The Rest of It

by Abigail McFee

She found stones the size and shape of black beads each place she went. They lay

like gems on the ground near her blue house and formed trails next to her feet as she

walked through town. At night, when she drew a bath, a few small stones would clang from

the spout. When she spread her palms wide to tend to her plants, stones clung to her hands

like slight roots, bare bulbs, in the soil. When she hugged, for the last time, the man she

loved who could not love her, a lone stone fell to land with a meek tap on the path next to

her feet as he turned to leave. She bent to pick it up.

She did not know when she had seen the first stone; it would not have seemed

strange. It was just that soon she had to see them. Her eyes searched them out, with no

thought. And now all of the nooks, each space in the vast world that seemed to shrink half

an inch each day in a long march to one day close on her, held a stone.

No one lived near her, but one day she felt brave and told a friend on the phone that

her house was filled with stones, that they showed up on their own, at all hours of the day.

Her friend did not make a sound for a long time. “They might not be real,” she said at last.

“They might just feel real.” But she could hold them in her hands, could toss them in the air,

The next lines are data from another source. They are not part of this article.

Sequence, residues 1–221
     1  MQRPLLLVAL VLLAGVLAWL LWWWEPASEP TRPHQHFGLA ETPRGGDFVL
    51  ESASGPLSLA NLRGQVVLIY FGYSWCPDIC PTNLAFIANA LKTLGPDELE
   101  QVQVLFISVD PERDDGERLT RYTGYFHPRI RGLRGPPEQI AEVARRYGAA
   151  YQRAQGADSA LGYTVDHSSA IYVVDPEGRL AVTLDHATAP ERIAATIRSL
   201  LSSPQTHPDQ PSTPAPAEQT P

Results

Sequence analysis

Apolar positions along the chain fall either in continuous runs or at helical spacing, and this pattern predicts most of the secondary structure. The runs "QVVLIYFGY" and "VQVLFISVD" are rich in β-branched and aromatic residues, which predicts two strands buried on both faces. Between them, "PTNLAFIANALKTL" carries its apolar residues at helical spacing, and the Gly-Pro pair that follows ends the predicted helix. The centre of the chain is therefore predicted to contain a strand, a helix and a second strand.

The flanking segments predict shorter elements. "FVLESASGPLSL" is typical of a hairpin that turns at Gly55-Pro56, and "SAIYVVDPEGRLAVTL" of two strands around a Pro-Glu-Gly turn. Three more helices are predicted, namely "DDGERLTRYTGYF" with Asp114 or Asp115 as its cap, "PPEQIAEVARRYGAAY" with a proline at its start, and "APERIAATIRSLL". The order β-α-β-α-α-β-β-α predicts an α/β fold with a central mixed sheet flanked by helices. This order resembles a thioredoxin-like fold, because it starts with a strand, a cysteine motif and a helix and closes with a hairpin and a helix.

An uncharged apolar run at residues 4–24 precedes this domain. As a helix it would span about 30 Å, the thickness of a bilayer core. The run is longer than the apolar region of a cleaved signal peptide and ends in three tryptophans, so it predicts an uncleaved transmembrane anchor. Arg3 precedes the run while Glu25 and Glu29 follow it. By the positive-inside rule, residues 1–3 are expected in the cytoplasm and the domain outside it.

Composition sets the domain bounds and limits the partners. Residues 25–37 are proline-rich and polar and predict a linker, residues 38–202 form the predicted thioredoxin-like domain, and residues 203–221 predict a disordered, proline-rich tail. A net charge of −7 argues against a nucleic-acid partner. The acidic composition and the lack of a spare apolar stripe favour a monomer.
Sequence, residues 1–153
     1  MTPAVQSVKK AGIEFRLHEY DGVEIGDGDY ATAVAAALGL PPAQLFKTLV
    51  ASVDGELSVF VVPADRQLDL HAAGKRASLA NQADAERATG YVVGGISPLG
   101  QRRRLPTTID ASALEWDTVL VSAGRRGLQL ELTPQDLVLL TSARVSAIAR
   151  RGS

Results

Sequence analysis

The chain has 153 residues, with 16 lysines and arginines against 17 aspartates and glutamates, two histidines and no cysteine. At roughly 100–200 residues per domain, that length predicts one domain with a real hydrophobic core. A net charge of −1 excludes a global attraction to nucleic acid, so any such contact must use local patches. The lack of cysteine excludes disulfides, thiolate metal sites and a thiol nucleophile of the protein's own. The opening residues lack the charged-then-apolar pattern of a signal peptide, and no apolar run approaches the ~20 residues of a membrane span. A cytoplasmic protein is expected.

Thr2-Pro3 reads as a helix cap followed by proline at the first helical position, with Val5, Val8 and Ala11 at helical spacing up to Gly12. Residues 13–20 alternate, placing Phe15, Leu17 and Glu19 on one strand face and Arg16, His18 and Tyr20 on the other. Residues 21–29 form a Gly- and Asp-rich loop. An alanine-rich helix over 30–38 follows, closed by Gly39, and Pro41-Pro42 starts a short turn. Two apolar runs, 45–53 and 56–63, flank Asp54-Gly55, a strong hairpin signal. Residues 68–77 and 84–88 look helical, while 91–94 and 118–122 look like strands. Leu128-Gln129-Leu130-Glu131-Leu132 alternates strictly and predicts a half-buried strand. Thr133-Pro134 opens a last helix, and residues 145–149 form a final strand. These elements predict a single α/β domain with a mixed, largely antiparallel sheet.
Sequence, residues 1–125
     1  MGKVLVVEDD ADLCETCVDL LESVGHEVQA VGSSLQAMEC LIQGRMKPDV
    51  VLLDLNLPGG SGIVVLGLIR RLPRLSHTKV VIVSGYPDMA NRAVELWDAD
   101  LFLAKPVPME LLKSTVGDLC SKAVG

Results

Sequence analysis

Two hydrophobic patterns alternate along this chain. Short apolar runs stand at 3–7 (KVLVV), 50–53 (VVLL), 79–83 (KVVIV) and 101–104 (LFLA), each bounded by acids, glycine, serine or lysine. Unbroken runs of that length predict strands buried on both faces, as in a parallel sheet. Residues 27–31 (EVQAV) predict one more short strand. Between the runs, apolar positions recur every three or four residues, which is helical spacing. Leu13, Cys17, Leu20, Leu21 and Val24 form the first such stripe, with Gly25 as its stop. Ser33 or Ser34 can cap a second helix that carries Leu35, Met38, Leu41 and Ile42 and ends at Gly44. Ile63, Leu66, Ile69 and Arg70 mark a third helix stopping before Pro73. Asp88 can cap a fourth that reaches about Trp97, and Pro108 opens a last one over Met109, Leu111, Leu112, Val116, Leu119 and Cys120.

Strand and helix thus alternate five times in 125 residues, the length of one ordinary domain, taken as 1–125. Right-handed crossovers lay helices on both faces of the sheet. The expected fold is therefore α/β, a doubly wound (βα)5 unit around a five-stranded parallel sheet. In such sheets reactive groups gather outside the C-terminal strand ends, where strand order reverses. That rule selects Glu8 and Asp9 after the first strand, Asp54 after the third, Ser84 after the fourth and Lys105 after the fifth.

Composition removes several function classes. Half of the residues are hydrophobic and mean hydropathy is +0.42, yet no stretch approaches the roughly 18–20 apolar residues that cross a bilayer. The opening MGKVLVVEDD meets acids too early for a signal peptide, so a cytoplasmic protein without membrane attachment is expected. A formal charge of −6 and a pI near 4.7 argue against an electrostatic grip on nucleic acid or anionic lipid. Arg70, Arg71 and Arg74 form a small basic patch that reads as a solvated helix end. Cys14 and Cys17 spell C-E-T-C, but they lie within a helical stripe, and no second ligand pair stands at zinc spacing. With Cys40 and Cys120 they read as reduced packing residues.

could step on them when she walked. She did not give this as proof. She just said thank you

and hung up the phone.

The house grew cold at night, and in the shell of her sheets, the chill would hold her

in the grip of a dream. It was the same dream each night: she drowned. They say you don’t

die in dreams, so drown is the wrong word: she felt what it was like to lose her breath, to

go still from fear in a sealed blue world, void of waves, with no north or south or east or

west. She would feel her lost limbs start to sink, and then she would wake up.

She thought the dreams had to do with him. There were times when she saw his

face: once, on a beach that did not seem real, she stood in the surf and saw him kick a ball

through the waves. He looked her way but did not seem to know her. It was true she had

not known him. You do not know the one you love, by which I mean, they are not whole for

you. So she had seen parts, and she had filled in the holes.

With time, the stones grew in size, so that soon they would fill the whole house. She

tried to scoop them up, to clear off at least the bed and the chairs, to make piles. Her hands

shook. The stones still came. Like dust, they would not stay gone for long.

With no room left in the house, she spent most of her time in the yard. The stones

piled there, too, but the height of the pine trees calmed her, and at night, the bright glow of

the moon. She thought through it all: the way lips move, how it feels when a tooth is loose,

his touch, that dark joy, how leaves fall, the things she did wrong, the things she did not say,

how her knees ached as a girl when she ran, the strange shape of some shirts, the path that

led to the road, how you hear a song once and then lose it. She held these things in front of

her, looked at each of them with care, the way she had looked at the stones at first. She saw

a life she could have had, one in which the earth did not break each time it brushed her.